In the newest entry in the recent line of live-action remakes of classic animated Disney movies, we have Tim Burton directing a new take on Dumbo. This story now focuses on Holt Farrier (Colin Farrell), who has returned from World War I without his left arm and having missed the passing of his wife. Now having to take care of his two kids, Milly (Nico Parker) and Joe (Finley Hobbins), on his own, he returns to the circus he worked at as a performer before the war only to have ringmaster Max Medici (Danny DeVito) assign him the new duty of taking care of the elephants. It is in this job that Holt and his offspring encounter the newly born elephant Dumbo, a critter with abnormally large ears who is turned into a sideshow attraction and separated from his mama in short order.


In order to stretch the 64-minute-long animated Disney feature into a two-hour live-action movie, the focus of Dumbo has shifted over to a whole horde of human characters, including an antagonist in the form of entertainer V.A. Vandevere (Michael Keaton). This means our primary storyline is now one of the most tired family movie plotlines out there, the tired routine of a single dad struggling to connect to his kids as well a now deceased/absent mother used to. Any well-worn narrative can be made new again with the proper execution but Dumbo is such a predominately paint-by-number movie that its version of this well-worn storyline ends up reminding one of Chicken Little rather than Finding Nemo in terms of prior Disney family movies covering similar narrative terrain.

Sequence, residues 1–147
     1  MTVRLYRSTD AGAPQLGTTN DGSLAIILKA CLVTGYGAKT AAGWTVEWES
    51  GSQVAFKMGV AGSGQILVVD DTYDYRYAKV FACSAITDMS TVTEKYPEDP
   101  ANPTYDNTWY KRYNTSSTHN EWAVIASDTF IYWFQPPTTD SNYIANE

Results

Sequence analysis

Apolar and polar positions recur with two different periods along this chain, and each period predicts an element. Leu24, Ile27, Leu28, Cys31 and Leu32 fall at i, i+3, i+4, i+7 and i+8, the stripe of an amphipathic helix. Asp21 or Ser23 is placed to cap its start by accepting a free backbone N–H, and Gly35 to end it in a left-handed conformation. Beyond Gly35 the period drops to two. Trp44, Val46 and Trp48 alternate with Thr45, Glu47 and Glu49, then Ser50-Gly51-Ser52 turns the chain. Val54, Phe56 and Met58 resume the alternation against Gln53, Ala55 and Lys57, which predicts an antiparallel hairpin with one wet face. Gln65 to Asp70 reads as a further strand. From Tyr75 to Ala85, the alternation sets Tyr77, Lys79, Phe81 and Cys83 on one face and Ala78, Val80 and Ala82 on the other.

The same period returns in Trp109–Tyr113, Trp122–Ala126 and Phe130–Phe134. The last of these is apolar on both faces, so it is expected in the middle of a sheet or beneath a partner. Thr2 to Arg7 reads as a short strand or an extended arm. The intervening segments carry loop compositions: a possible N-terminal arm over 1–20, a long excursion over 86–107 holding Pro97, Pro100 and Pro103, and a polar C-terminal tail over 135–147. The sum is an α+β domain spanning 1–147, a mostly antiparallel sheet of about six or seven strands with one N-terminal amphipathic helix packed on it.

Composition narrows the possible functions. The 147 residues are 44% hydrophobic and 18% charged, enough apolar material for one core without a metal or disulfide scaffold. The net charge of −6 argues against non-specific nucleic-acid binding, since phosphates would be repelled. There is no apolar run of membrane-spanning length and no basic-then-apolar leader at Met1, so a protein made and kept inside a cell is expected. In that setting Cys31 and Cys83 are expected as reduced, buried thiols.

Put simply, Holt Farrier and his kids just aren’t that interesting as characters, there’s no real memorable personality to any of them that makes them feel like characters who can headline a movie. The most I can say about Joe’s personality, for instance, is that he can do a headstand when leaning against a wall while Milly has one defining trait in her affinity for science, an interest that ends up not playing any kind of role in the story. As for Holt, despite Colin Farrell being game in the material as he speaks in a voice that seems to be an impression of Andrew Garfield in Hacksaw Ridge, he’s indistinguishable from a hundred other struggling dad’s in other similar family movies. Worse still, the two kids, despite being given solid performances by their respective performers, prove to be a distraction in scenes centered on Dumbo. Ehren Kruger’s screenplay has a bad habit in these sequences of constantly cutting back to this pair of youngsters to provide dialogue clarifying what Dumbo is very clearly doing. If Dumbo is eating a peanut, for instance, we have to cut back to Joe saying “Look! Dumbo is eating a peanut, yes sir, I know peanuts and that is for sure a peanut!”